- Here's a bit of a tidbit, the spiral-slicing machine, patented in 1952 by Harry J. Hoenselaar. Hoenselaar found a clever way to mechanically navigate the ham bone, the bane of meat carvers through the centuries.
The spiral-slicing machine works by skewering a ham (or any other meat) vertically on spikes at top and bottom. A spring-loaded slicing blade cuts through the meat, stopping when it meets resistance from the bone. As the ham rotates, it gradually lowers on the spikes, creating the spiral. Hard to visualize? Watch the video below.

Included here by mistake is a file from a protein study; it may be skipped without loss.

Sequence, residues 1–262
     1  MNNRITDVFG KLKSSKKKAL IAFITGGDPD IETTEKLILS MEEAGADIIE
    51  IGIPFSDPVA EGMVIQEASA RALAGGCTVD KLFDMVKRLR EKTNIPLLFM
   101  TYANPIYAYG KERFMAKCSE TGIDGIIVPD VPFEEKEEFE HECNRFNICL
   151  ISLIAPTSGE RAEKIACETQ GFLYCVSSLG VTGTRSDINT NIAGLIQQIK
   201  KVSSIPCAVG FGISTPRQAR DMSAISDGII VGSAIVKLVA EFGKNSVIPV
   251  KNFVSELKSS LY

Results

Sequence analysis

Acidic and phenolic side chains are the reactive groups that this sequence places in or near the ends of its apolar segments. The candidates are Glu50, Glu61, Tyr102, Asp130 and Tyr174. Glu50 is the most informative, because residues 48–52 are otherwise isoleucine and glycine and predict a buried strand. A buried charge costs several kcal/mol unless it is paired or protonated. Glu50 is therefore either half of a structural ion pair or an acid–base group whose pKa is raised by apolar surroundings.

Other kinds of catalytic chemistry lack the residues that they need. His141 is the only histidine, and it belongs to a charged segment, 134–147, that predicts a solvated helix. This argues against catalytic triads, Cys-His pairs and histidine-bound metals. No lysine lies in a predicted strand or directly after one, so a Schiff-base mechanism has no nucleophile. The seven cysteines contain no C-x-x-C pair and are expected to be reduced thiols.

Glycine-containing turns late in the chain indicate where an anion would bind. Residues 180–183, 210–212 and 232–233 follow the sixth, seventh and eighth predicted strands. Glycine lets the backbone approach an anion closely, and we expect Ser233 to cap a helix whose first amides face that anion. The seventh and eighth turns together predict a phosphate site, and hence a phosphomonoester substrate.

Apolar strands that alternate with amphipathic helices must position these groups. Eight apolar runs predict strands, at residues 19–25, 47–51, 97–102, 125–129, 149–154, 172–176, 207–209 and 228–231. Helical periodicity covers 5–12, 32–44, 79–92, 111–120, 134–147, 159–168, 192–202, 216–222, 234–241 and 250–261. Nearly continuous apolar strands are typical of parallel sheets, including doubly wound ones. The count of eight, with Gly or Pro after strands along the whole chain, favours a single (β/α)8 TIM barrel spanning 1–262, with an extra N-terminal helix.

- 1 large onion, sliced
1 fully cooked spiral ham (7 to 9 pounds)
1-1/2 cups chicken broth
1 cup red wine or additional chicken broth
In a small skillet, saute the onion in butter until tender; transfer to a roasting pan. Place ham on top. Pour the broth and wine or additional broth over ham. Bake, uncovered, at 325° for 2-3 hours or until a thermometer reads 140° and ham is heated through.